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Darwin on Mind, Ethics, and Animals

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For a seminar on human-animal relations, a discussion of Darwin's thoughts on the continuity between man and animals.

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Darwin on Mind, Ethics, and Animals

  1. 1. Darwin on Mind, Ethics, and Animals Séminaire grice, 26.9.2018 Charles H. Pence @pencechp
  2. 2. Outline 1. Context for Darwin’s work 2. Habits and mental capacities 3. The emotions in man and animals 4. Darwin on ethics The take-home: Darwin argues for a difference only in degree, rather than in kind, between humans and animals (in both physical and mental capacity), in part to support an evolutionarily grounded moral sense theory. Charles H. Pence 2 / 34
  3. 3. The Context Charles H. Pence Context 3 / 34
  4. 4. color by Mads Madsden Charles H. Pence Context 4 / 34
  5. 5. A Timeline 1831–36: Voyage of HMS Beagle 1838–39: First evolution notebooks written 1859: On the Origin of Species 1871: The Descent of Man and Selection in Relation to Sex 1872: The Expression of the Emotions in Man and Animals Charles H. Pence Context 5 / 34
  6. 6. Avoiding the Issue In the distant future I see open fields for far more important researches. Psychology will be based on a new foundation, that of the necessary acquirement of each mental power and capacity by gradation. Light will be thrown on the origin of man and his history. (Origin, p. 488) Charles H. Pence Context 6 / 34
  7. 7. A Timeline 1831–36: Voyage of HMS Beagle 1838–39: First evolution notebooks written 1859: On the Origin of Species 1871: The Descent of Man and Selection in Relation to Sex 1872: The Expression of the Emotions in Man and Animals Charles H. Pence Context 7 / 34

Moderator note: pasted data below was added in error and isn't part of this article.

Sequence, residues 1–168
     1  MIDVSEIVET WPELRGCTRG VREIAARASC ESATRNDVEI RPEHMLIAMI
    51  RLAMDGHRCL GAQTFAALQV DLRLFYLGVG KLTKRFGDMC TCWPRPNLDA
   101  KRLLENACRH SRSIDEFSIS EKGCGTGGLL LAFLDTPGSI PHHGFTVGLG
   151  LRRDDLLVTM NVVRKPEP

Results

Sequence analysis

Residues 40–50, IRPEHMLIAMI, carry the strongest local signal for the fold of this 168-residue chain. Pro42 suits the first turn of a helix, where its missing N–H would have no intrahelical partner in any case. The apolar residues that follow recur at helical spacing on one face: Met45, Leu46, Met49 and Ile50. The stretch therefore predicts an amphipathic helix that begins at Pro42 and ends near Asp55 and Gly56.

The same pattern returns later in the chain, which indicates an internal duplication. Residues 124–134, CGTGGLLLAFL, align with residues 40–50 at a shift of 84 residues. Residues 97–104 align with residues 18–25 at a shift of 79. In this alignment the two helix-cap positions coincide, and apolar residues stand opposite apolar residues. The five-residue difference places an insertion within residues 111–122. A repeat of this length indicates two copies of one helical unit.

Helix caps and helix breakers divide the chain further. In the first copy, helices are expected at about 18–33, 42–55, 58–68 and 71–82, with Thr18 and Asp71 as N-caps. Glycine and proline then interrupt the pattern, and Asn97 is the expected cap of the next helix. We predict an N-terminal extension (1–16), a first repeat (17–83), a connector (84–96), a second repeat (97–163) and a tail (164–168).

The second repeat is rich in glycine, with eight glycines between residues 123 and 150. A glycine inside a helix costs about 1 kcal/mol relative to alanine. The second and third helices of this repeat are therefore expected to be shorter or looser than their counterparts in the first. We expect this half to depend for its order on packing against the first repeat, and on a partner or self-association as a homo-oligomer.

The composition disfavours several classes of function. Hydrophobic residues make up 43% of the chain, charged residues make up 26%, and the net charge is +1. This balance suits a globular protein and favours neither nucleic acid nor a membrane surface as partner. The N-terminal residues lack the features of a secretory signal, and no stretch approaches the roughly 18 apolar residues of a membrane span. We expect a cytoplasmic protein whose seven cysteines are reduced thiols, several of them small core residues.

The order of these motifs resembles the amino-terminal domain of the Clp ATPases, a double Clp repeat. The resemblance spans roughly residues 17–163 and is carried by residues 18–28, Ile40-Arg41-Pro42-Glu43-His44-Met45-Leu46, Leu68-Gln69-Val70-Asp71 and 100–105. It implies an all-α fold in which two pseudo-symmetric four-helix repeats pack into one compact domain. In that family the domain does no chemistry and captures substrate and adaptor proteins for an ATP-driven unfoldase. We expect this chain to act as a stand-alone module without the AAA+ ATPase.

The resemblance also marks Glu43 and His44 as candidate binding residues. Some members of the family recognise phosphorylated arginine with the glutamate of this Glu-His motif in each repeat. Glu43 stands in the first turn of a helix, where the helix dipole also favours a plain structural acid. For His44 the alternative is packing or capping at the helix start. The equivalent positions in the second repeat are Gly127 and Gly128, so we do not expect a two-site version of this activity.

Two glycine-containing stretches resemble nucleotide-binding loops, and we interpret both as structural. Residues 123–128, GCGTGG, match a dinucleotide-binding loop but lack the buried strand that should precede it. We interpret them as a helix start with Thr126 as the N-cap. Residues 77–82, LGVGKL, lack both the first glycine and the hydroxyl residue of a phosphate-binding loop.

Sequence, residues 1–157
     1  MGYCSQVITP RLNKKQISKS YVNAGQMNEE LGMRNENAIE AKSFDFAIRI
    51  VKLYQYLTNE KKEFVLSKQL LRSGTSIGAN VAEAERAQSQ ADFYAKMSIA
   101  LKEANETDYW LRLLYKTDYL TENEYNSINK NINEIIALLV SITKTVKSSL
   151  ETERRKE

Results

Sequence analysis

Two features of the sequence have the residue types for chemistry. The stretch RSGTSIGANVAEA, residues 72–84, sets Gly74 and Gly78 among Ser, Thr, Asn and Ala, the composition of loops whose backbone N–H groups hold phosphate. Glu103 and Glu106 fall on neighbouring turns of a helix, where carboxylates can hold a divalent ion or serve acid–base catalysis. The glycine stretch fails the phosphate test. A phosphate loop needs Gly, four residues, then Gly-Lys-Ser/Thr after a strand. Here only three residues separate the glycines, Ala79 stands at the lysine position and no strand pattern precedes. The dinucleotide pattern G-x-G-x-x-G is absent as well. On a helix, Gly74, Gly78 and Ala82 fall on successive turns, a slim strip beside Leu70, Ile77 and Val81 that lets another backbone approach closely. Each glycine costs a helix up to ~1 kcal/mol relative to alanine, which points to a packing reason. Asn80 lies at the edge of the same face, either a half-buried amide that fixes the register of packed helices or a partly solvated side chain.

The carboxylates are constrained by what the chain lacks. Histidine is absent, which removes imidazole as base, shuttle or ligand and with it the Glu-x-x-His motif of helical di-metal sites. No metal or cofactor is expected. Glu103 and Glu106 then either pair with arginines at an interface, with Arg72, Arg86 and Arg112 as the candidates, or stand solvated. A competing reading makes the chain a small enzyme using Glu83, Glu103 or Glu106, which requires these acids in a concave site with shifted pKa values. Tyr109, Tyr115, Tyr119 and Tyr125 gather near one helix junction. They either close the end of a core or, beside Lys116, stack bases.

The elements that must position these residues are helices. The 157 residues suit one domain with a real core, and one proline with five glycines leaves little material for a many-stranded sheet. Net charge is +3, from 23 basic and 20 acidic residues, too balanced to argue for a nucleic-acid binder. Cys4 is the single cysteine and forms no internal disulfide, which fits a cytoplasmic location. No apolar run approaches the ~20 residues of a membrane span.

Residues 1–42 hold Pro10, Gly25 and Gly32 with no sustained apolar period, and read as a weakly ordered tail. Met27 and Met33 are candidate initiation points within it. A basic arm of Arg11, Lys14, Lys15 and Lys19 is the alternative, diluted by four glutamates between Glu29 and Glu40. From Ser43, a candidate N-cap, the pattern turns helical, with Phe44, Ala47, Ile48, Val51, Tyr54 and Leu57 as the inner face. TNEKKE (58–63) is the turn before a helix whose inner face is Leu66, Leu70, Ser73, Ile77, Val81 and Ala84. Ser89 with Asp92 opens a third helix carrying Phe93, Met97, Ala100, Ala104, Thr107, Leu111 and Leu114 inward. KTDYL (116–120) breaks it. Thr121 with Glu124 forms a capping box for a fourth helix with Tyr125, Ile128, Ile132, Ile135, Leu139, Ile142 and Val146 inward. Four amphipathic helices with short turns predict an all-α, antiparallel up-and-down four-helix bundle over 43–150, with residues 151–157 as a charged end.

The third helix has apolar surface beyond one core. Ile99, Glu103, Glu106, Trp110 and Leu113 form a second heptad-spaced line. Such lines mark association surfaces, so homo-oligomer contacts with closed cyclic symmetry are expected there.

8. 8. Continuity in Mental Capacity Charles H. Pence Continuity in Mind 8 / 34
  9. 9. Differences in Kind If no organic being excepting man had possessed any mental power, or if his powers had been of a wholly different nature from those of the lower animals, then we should never have been able to convince ourselves that our high faculties had been gradually developed. But it can be clearly shewn that there is no fundamental difference of this kind. (Descent, pp. 34–5) Charles H. Pence Continuity in Mind 9 / 34
  10. 10. Differences in Kind Darwin rejects the following candidate differences in kind: Humans can progress Humans use tools Humans use language Humans have a sense of beauty Humans have self-consicousness, a sense of identity, abstraction, general thought Charles H. Pence Continuity in Mind 10 / 34
  11. 11. Continuity in the Emotions Charles H. Pence Continuity in the Emotions 11 / 34
  12. 12. Mistakes Sir C. Bell evidently wished to draw as broad a distinction as possible between man and the lower animals; and he consequently asserts that with “the lower creatures there is no expression but what may be referred, more or less plainly, to their acts of volition or necessary instincts.” He further maintains that their faces “seem chiefly capable of expressing rage and fear.” Charles H. Pence Continuity in the Emotions 12 / 34